Start reading An Abundance of Katherines on the free Kindle Reading App or on your Kindle in under a minute. Don't have a Kindle? Get your Kindle here.

Deliver to your Kindle or other device

Add Audible Narration
An Abundance of Katherines Narrated by Jeff Woodman $20.97 $3.49
Enter a promotion code
or gift card
 
 
 

Try it free

Sample the beginning of this book for free

Deliver to your Kindle or other device

Sorry, this item is not available in
Image not available for
Color:
Image not available
 

An Abundance of Katherines [Kindle Edition]

John Green
4.2 out of 5 stars  See all reviews (897 customer reviews)

Print List Price: $9.99
Kindle Price: $4.99
You Save: $5.00 (50%)
Sold by: Penguin Group (USA) LLC

Free Kindle Reading App Anybody can read Kindle books—even without a Kindle device—with the FREE Kindle app for smartphones, tablets and computers.

To get the free app, enter your email address or mobile phone number.

Audible Narration

Switch back and forth between reading the Kindle book and listening to the Audible narration with Whispersync for Voice. Add narration for a reduced price of $3.49 when you buy the Kindle book.

Formats

Amazon Price New from Used from
Kindle Edition $4.99  
Hardcover $15.03  
Paperback $7.99  
Audible Audio Edition, Unabridged $0.00 Free with Audible trial
MP3 CD, Audiobook, MP3 Audio, Unabridged $9.41  
Summertime is Book Time
Make summertime book time with our featured reading lists for kids. Download our free Kindle app and bring your books wherever you go.

Book Description

From the #1 bestselling author of The Fault in Our Stars 

Michael L. Printz Honor Book
Los Angeles Times Book Prize Finalist


Katherine V thought boys were gross
Katherine X just wanted to be friends
Katherine XVIII dumped him in an e-mail
K-19 broke his heart
When it comes to relationships, Colin Singleton's type happens to be girls named Katherine. And when it comes to girls named Katherine, Colin is always getting dumped. Nineteen times, to be exact.

On a road trip miles from home, this anagram-happy, washed-up child prodigy has ten thousand dollars in his pocket, a bloodthirsty feral hog on his trail, and an overweight, Judge Judy-loving best friend riding shotgun--but no Katherines. Colin is on a mission to prove The Theorem of Underlying Katherine Predictability, which he hopes will predict the future of any relationship, avenge Dumpees everywhere, and finally win him the girl.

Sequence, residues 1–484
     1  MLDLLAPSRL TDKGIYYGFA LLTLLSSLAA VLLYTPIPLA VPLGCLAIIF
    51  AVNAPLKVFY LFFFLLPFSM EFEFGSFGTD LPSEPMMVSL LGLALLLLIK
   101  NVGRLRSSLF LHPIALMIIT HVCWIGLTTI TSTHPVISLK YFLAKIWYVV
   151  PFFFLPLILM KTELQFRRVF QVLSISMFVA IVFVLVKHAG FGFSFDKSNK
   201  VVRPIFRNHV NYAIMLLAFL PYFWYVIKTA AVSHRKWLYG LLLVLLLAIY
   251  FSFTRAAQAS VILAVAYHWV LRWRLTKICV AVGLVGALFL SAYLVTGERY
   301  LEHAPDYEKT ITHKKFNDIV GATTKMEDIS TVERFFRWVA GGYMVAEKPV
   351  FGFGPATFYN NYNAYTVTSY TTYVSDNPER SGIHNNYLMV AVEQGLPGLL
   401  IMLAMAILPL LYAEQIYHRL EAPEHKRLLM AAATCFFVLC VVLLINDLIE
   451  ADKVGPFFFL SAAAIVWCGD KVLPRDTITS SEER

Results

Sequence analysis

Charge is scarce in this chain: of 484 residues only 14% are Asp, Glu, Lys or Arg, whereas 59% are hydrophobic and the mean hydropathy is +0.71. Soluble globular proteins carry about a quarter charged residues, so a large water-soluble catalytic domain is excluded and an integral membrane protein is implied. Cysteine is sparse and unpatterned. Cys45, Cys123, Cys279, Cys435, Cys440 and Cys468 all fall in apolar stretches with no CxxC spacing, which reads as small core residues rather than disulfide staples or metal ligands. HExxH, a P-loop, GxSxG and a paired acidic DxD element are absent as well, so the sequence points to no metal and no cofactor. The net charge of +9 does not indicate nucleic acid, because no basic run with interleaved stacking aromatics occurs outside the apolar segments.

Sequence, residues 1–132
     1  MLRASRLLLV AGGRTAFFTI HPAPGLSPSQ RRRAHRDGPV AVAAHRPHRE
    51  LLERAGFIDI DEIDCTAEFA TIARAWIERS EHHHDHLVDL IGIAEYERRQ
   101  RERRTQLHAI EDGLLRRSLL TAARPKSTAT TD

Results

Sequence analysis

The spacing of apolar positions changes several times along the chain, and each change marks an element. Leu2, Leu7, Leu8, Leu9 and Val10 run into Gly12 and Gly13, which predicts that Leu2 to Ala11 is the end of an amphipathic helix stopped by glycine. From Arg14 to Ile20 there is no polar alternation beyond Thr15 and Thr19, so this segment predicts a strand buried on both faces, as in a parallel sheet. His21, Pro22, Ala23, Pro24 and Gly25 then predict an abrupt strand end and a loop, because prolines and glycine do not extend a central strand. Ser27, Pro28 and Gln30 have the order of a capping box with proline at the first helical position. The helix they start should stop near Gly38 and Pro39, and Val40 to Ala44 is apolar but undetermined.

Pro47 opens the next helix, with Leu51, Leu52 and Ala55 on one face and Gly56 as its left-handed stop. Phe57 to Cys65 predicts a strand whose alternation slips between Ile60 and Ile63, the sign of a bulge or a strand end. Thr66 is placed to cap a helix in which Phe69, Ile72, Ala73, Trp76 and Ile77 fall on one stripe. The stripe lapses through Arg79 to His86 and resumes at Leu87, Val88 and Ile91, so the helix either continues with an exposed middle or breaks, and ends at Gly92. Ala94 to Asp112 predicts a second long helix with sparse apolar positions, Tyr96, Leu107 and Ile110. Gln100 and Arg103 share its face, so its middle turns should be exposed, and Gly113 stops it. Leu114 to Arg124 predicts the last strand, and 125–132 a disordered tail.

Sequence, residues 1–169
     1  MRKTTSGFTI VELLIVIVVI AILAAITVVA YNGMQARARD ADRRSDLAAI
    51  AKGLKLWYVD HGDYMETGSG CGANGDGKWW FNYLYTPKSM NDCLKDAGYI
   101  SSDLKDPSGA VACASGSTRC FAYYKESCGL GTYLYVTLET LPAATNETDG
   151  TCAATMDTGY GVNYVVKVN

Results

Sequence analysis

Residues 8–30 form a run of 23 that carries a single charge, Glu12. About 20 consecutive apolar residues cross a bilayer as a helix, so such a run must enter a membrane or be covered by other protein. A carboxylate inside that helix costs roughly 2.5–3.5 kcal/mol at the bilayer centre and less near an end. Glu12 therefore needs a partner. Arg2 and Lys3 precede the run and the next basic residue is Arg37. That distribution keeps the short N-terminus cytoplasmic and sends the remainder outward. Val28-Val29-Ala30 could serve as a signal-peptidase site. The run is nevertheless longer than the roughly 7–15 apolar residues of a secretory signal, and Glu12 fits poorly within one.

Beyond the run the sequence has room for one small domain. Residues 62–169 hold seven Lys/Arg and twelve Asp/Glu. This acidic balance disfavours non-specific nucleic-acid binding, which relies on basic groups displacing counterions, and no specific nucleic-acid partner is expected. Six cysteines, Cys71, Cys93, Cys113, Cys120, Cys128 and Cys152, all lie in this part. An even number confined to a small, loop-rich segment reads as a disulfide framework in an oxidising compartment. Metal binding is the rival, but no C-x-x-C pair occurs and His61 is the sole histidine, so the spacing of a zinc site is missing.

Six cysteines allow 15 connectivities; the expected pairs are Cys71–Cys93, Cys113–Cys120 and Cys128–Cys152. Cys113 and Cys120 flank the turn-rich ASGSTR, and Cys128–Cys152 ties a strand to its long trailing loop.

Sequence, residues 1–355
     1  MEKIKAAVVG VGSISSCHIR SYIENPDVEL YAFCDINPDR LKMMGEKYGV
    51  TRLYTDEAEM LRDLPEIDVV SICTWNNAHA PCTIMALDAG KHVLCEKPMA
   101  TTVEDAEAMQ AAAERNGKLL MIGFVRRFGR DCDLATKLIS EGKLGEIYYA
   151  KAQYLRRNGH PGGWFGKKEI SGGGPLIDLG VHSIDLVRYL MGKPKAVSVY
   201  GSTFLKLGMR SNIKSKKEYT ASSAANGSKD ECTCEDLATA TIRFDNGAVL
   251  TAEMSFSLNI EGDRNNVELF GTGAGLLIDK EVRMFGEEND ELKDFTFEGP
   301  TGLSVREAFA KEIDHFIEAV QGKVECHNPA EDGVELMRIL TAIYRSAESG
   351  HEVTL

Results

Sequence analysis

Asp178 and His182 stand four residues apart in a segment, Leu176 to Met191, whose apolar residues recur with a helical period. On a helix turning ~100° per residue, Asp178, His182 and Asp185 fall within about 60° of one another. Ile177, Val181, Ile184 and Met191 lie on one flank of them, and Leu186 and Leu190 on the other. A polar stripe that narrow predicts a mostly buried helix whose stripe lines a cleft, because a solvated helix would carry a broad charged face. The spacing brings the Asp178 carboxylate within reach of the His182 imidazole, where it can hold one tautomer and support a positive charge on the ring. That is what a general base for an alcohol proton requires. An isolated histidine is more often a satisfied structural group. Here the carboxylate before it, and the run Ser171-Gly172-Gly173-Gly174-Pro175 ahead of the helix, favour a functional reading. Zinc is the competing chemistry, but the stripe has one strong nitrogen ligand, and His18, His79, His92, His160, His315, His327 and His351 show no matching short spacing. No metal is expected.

Love, friendship, and a dead Austro-Hungarian archduke add up to surprising and heart-changing conclusions in this ingeniously layered comic novel about reinventing oneself.



Editorial Reviews

From School Library Journal

Grade 9 Up–Printz medalist John Green's main character in this novel (Dutton, 2006) is a loner who has a hard time making friends (though no trouble finding girlfriends) and a quirky taste for anagrams and odd facts. At the end of his senior year of high school, Colin Singleton has just been dumped by a girl named Katherine (it's the 19th time he's been dumped). Stuck in a quagmire of indecision about his future and egged on by his friend Hassan, Colin sets out on an aimless road trip until his attention is caught by a sign for the burial place of Archduke Franz Ferdinand in the middle of rural Tennessee. Colin and Hassan find friends, jobs, and fulfill Colin's quest to understand why he is always being dumped by his girlfriends. He develops a mathematical theorem that focuses on predicting the outcome of romantic relationships. Along the way, there is plenty of humor in the story. Narrator Jeff Woodman creates a distinct and lively persona for each character, complete with accents and inflections. Colin's uniquely naïve attributes combine with his obvious intelligence and checkered romantic past to create a character that Woodman brings to life quite vividly. The math angle and humorous anagrams may create additional interest for some teens. Although the story line is a bit thin, the plot's identity concerns make this an interesting choice for high school and public library collections for older teens.–Jane P. Fenn, Corning-Painted Post West High School, NY
Copyright © Reed Business Information, a division of Reed Elsevier Inc. All rights reserved.

From Booklist

Gr. 9-12. Green follows his Printz-winning Looking for Alaska (2005) with another sharp, intelligent story, this one full of mathematical problems, historical references, word puzzles, and footnotes. Colin Singleton believes he is a washed-up child prodigy. A graduating valedictorian with a talent for creating anagrams, he fears he'll never do anything to classify him as a genius. To make matters worse, he has just been dumped by his most recent girlfriend (all of them have been named Katherine), and he's inconsolable. What better time for a road trip! He and his buddy Hassan load up the gray Olds (Satan's Hearse) and leave Chicago. They make it as far as Gutshot, Tennessee, where they stop to tour the gravesite of Archduke Franz Ferdinand, and meet a girl who isn't named Katherine. It's this girl, Lindsey, who helps Colin work on a mathematical theorem to predict the duration of romantic relationships. The laugh-out-loud humor ranges from delightfully sophomoric to subtly intellectual, and the boys' sarcastic repartee will help readers navigate the slower parts of the story, which involve local history interviews. The idea behind the book is that everyone's story counts, and what Colin's contributes to the world, no matter how small it may seem to him, will, indeed, matter. An appendix explaining the complex math is "fantastic," or as the anagrammatically inclined Green might have it, it's enough to make "cats faint." Cindy Dobrez